But some organizations are predicting a negative impact on cloud adoption, precipitated by overseas businesses' distrust in U.S. cloud providers caused by the NSA issues. A report issued in August by the Information Technology and Innovation Foundation (ITIF), a public policy think tank, said U.S. cloud computing providers stand to lose a minimum of $21.5 billion over the next three years to European and Asian providers as a result of the NSA Prism program revelations. The ITIF cautioned, however, that its data was thin and that it was still too early to determine what the ultimate repercussions will be.
"If U.S. firms are to maintain their lead in the market, they must be able to compete in the global market," the ITIF said in its report. "It is clear that if the U.S. government continues to impede U.S. cloud computing providers, other nations are more than willing to step in to grow their own industries at the expense of U.S. businesses."
Companies are considering the deployment of private clouds, using virtual machines to create a cloud-based data center behind corporate firewalls, said Andreas Mertz, managing director and principal consultant at Germany-based IT security consultancy and managed security services firm IT-Cube. Another approach is to use co-location services, a remote data center that is walled off from other cloud customers and offers more control over company data, Mertz said.
Completely dismissing U.S. technology companies and security vendors is virtually impossible, but businesses overseas are reconsidering the cloud services they use, Mertz said.
"The discussion about the NSA news has pushed back whole cloud initiatives in Germany for at least two years," he said. "They're still using social media like Facebook but everybody is really concerned about security issues and, in terms of the business and intellectual property, a lot of companies stepped back from each cloud initiative they were working on and are undertaking feasibility studies to go to a private cloud."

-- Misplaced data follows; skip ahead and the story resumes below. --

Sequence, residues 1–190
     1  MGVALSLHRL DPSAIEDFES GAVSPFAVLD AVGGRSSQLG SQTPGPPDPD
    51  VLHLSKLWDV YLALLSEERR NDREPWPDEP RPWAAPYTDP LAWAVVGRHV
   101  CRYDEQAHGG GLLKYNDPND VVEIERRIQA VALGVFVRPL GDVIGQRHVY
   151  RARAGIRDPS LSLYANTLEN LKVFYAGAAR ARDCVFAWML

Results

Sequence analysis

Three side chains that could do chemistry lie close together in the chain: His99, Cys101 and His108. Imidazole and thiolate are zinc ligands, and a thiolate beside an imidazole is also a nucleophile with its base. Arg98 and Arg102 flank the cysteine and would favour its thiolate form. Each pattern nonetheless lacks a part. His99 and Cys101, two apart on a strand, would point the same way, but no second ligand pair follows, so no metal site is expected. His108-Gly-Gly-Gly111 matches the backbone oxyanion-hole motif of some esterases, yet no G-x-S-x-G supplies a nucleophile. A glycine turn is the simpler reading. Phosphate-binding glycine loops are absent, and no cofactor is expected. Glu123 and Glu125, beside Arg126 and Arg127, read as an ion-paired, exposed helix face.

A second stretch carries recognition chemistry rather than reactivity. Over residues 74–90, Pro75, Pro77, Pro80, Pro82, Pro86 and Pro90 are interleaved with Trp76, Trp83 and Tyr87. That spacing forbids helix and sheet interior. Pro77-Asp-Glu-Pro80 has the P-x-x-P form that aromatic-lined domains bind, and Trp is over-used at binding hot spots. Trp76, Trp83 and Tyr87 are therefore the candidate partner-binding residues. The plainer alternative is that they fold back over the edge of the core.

'THERE'S ENCRYPTION, AND THEN THERE'S ENCRYPTION'
Steve Pate, co-founder and CTO of HighCloud Security in Mountain View, Calif., said he's particularly concerned about the news that the government is poking holes in commercial security products.
"I think it's fairly troubling," Pate said. "I'd be surprised if the government was able to go through these product development cycles without the news leaking out from these vendors, but that's not to say it's not happening. In fact, it may be happening without their knowledge."
Pate believes the NSA's practices could negatively impact cloud business in the short term. "The biggest thing we've seen," he said, "is a growing reluctance of foreign companies to work with U.S. cloud providers."
David Canellos, CEO of PerspecSys, a cloud security company based in Mclean, Va., said he's seen a similar trend of companies, especially those based outside the U.S, becoming apprehensive about cloud migration. "Some organizations are becoming concerned, particularly businesses overseas that are apprehensive about working with U.S. cloud providers," he said. "And some companies are even looking at ripping out their cloud services and going back to on-premise systems. They're at least asking those questions."
HighCloud's Pate said vendors and solution providers need to stress basic principles about strong encryption standards and basic key management. HighCloud, for example, uses multilevel AES (advanced encryption standard) 256-bit encryption.
"There's encryption, and then there's encryption," he said. "If you're using an encryption key that's smaller than 80 bits then, yes, it's theoretically possible for the government or anyone else to easily crack those codes using brute-force techniques."